The master bedroom of our 1913 Craftsman-style house was in very bad shape when I bought it.
Past water damage of the ceiling forced the previous owner to install a thin layer of drywall to cover the damage. The owner did the work himself and did the world's worst taping job on the edges and seams.
In addition to the bad ceiling work, all four walls have suffered some serious cracks over the years (did I mention the original lath-and-plaster walls?), as well as a couple of holes! Covering these bad walls were two layers of incredibly hideous wallaper and at least 3 coats of paint.
The floor covering was appropriate for the room--simply nasty! A wall-to-wall rug in an ugly flower pattern sat atop a crumbling jute pad. Under the rug is the original hardwood floor, but it's condition, combined with our timeframe, does not allow us to attempt a restoration at this time.
Before the wedding to Francie in April, all this has got to go! I regret that I lost all of my "before" pictures of the house, but the first picture gives you some idea what the room looked like.
The next four pictures show the room after the wallpaper has been completely stripped and the drywall tape has been redone. The cracks and holes have also been prepared for patching.
The next series of pictures show the room after the cracks and holes have been filled, but not sanded. Once they are sanded and the texture is added to the walls, everything should disappear! (yeah, right)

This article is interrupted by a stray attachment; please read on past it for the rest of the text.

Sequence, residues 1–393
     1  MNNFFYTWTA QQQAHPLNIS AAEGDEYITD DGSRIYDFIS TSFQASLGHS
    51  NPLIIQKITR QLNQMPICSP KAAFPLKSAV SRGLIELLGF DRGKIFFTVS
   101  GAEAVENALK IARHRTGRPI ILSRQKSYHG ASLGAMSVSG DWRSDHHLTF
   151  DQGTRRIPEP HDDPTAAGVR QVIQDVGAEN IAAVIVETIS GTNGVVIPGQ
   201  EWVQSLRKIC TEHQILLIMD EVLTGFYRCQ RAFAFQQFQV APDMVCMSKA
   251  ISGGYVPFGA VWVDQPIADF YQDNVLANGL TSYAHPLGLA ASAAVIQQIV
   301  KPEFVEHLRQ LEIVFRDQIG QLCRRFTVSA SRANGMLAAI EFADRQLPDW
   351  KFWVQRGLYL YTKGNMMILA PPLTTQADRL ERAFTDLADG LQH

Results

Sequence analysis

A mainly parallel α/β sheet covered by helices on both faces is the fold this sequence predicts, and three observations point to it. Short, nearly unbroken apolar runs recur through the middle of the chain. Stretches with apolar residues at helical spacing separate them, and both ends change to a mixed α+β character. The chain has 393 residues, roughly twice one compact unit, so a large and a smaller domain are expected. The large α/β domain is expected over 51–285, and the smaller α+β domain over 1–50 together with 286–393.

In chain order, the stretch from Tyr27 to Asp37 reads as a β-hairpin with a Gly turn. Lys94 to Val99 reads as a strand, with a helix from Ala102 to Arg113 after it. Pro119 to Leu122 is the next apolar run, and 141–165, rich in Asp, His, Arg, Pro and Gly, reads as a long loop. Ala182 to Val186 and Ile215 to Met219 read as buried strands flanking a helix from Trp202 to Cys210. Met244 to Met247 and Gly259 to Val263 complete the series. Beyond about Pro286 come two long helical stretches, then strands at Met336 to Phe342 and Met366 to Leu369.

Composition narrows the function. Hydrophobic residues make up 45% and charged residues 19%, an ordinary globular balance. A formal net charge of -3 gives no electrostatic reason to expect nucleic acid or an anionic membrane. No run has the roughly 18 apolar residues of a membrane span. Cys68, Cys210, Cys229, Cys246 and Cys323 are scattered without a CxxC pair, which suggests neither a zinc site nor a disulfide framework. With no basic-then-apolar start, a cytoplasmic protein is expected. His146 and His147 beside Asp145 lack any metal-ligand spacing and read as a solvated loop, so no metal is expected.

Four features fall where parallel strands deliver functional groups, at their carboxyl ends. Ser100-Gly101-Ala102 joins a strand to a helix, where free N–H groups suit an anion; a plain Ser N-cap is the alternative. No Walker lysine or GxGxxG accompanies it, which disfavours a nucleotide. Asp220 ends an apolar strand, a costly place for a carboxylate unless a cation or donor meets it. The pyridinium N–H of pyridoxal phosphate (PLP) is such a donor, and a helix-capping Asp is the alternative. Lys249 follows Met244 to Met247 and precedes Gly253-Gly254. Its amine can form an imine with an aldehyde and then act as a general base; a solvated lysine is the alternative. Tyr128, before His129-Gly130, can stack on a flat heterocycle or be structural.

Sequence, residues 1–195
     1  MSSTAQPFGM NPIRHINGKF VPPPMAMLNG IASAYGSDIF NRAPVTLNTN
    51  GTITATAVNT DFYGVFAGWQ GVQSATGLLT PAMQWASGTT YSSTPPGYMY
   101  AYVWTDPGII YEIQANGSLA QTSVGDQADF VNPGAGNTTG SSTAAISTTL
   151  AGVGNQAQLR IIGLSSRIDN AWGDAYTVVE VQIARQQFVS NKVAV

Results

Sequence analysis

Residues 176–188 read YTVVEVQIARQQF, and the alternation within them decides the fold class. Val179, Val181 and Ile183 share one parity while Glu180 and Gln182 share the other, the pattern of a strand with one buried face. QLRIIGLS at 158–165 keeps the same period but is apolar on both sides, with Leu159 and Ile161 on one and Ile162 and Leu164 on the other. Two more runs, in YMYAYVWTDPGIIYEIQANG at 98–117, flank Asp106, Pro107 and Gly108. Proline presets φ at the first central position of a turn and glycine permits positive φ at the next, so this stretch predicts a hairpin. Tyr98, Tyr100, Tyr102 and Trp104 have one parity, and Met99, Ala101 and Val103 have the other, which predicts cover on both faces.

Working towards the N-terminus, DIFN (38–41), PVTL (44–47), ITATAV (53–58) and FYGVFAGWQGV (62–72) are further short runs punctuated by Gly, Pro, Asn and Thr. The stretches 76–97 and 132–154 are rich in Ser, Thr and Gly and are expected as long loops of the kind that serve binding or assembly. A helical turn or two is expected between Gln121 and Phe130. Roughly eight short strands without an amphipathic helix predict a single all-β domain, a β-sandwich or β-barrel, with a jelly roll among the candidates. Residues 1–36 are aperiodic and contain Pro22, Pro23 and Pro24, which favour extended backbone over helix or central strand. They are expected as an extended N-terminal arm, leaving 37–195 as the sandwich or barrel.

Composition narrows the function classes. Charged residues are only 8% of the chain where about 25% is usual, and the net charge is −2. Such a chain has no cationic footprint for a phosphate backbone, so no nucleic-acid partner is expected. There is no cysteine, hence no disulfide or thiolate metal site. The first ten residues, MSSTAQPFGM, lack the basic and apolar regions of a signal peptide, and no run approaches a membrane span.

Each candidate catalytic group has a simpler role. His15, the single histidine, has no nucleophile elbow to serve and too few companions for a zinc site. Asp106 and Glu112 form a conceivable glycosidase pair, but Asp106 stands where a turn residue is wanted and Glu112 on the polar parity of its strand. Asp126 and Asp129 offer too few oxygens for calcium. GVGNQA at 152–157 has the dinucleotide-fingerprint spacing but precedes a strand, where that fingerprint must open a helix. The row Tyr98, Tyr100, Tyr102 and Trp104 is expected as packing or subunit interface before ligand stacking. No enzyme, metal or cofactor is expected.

Throughout the house, most of the original woodwork is still in place. Very little of it has been painted over, which is the fate suffered by old wood in other houses of the era. 10-inch baseboards, quarter-round molding and a picture rail will once again adorn the walls!
A little primer on the ceiling shows just how much you can hide with a good coat of paint. Once the spray texture is in place, you won't even be able to see those ugly seams. Oh...that light fixture is gonna go, too.
The walls now have a heavy "orange peel" spray texture applied. The texture helps to hide surface irregularities, bumps and patches. Note that we have begun "cutting in" the primer and have mostly covered one wall with it.
Primed and Ready! Now this is starting to come together! The primer has been applied over the spray texture. Note that "Africa" and "Australia" have disappeared and we still have the final wall color to go!
We're finally getting somewhere! The old rug was removed and then the ceiling was painted. In the picture, the ceiling looks a little grey, but it's really a soft, very light beige. Francie probably remembers the "actual" color.
And now, for paint on the walls! This job actually went VERY quickly because the masking was already done and the previously primed-over-old-paint plaster took paint very well. Less than a gallon was needed for the entire room, including the closet.
Lest you think things look entirely too neat...check out the hallway!
Carpet! Even without the baseboards in, this picture gives a pretty good idea how the colors work together.
Side Project: new surface wiring in Francie's sewing room. This room originally had only one power outlet. I have used Wiremold surface wiring materials to tap into the power supply to the overhead light in order to add two extra outlets in this room as well as to power the two new outlets in the Master Bedroom Remodel project.
The first picture shows some of the track and corner pieces installed. The second shows the finished product.
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